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Why a mentor really mattered to this RAPS CEO

Eyal Lichtmann   Nov-19-2018

Gordon Diamond and Eyal Lichtmann.

Photo submitted

Gordon Diamond, whose business operations and philanthropic commitments have done a great deal to strengthen the Richmond community, was honoured recently by the Fraser Institute.

The institute’s highest recognition, the Founders’ Award, was bestowed on him in recognition of exceptional entrepreneurial achievements, generous philanthropic endeavours and dedication to competitive markets.



The Diamond family’s company, West Coast Reduction Limited, was leading the environmental movement since almost before there was an environmental movement.

With a slogan “Nothing left behind (except sustainable solutions),” West Coast Reduction has been collecting organic materials from the agricultural sector, food processors, restaurants and retailers for decades, turning what would have gone into the landfill instead into livestock feeds, fertilizers, alternative energies and other sustainable products. Restaurants and businesses throughout Richmond and British Columbia have known West Coast for most of the past century as an ally in recycling and repurposing waste materials and animal by-products into valuable commodities that improve the planet.

The success of West Coast Reduction has made Gordon and Leslie Diamond leading names in the philanthropic life of Richmond, British Columbia, Canada and the world, having donated more than $150 million to charity causes.

When Gordon was recognized on Nov. 1, at an impressive gala featuring leading figures in British Columbia’s business and philanthropic communities, all of his many achievements were detailed and celebrated. Well—almost all of them.

One thing about Gordon that was not mentioned was his mentoring of younger potential leaders. Mentors matter. It is easy to quantify financial support, but is more challenging to quantify the impacts of decades of guidance in moral, personal and professional expertise derived from knowledge, experience and humility.

I am one of those who has benefited from Gordon’s wisdom and dedication to nurturing success in successive generations. The omission of mentorship among his many accomplishments made me realize that people often overlook the intangible, but incredibly powerful, impacts of mentoring on individuals and society.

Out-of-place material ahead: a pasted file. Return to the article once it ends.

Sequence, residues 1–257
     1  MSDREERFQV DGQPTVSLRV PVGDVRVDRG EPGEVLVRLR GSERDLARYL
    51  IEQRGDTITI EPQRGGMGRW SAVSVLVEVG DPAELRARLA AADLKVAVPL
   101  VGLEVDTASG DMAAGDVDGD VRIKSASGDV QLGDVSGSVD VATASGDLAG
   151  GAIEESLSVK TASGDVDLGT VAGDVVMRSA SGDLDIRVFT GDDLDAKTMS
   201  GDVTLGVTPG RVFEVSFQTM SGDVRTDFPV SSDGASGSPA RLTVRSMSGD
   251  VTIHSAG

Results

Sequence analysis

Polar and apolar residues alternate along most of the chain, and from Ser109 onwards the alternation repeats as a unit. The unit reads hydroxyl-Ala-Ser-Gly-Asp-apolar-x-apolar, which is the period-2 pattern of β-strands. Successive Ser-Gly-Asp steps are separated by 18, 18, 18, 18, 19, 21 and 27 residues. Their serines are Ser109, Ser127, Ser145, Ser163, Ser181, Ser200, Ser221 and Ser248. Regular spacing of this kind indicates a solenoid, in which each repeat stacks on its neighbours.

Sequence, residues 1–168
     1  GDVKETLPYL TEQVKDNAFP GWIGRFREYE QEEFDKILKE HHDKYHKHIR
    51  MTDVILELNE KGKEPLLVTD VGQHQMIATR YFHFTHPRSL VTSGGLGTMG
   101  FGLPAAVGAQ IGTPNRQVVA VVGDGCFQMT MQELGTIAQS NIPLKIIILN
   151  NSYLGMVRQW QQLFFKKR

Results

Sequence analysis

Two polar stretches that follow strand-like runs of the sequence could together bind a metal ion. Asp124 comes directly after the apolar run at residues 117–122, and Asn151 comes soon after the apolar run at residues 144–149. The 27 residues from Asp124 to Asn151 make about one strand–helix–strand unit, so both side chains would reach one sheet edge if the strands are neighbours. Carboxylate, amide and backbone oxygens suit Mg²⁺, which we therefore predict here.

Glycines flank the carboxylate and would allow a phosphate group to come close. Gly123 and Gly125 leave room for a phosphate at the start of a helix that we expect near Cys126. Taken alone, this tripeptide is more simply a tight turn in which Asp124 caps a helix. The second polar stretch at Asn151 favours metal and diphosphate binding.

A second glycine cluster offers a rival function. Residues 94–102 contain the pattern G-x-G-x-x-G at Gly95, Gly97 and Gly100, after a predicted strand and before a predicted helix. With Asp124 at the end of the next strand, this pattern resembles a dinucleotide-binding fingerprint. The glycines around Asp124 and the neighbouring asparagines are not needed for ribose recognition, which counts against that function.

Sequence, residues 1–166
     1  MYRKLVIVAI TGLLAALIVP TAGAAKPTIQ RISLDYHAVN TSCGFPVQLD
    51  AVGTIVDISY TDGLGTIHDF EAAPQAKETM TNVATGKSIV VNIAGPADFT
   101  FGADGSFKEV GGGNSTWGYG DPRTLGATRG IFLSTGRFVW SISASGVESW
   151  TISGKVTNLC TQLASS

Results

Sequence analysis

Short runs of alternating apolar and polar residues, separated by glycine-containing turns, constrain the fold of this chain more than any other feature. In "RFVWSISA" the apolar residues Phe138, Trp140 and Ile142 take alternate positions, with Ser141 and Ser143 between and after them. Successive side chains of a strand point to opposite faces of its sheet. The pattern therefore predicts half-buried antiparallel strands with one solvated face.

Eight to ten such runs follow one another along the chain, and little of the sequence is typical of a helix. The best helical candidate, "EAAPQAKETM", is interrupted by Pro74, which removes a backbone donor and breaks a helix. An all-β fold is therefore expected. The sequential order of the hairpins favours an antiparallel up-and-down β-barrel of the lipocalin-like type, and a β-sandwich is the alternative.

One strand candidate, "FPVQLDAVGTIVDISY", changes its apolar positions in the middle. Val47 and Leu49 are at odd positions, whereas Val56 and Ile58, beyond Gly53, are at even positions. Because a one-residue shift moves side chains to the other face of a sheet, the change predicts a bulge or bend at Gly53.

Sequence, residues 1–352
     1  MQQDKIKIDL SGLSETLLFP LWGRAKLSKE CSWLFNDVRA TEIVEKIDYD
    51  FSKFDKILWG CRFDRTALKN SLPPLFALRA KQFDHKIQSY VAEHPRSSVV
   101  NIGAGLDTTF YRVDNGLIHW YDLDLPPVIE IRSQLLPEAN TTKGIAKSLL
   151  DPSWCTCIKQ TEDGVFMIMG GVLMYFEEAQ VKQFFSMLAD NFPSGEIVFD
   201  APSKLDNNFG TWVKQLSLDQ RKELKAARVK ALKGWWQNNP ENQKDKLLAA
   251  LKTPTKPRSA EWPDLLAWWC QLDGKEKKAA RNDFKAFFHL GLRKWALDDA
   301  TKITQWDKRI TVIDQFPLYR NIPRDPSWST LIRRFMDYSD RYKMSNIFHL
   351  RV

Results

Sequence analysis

Across the past 30 years, through all the challenges and achievements during my years in the not-for-profit sector and in private industry, Gordon’s moral support has strengthened me constantly.

He has the exceptional ability of transmitting hard-earned contemplations and understandings of intellectual and complicated concepts in cogent expressions that truly inspire.

He gave me invaluable advice and taught me that there is no uninterrupted path to success. In difficult times, he assured me that failure is not truly failure—that failure should be seen as a temporary, changeable situation that delivers an invitation for creative solutions.

Detours, happenstances, roadblocks and impediments are all pieces of a great puzzle—challenges to be resolved through resolute and determined commitment to succeed. Mistakes and bad decisions of yesterday, which extend the boundaries of knowledge, are today called experience. Gordon gave me the guidance to have the resolution and fortitude to always push ahead while taking care of the people around me.

This is how mentorship works. It is not sitting in a classroom and it does not necessarily involve any sort of formal structure, though it certainly can.

Sometimes, people who mentor and people who are mentored do not even associate the relationship with that word. It is, quite simply, a one-on-one relationship through which wisdom is transmitted from generation to generation.

In a time when we are very focused on formal learning and structured activities from childhood to retirement, mentorship is too often overlooked as a critical part of individual, professional and business advancement.

My experience tells me that emulating and carrying forward the quintessence of Gordon Diamond by being a mentor to others and looking for ways to improve the society I live in is the best way I can both thank and honour him.

That is the legacy of Gordon Diamond.

Eyal Lichtmann is CEO and Executive Director of the Regional Animal Protection Society

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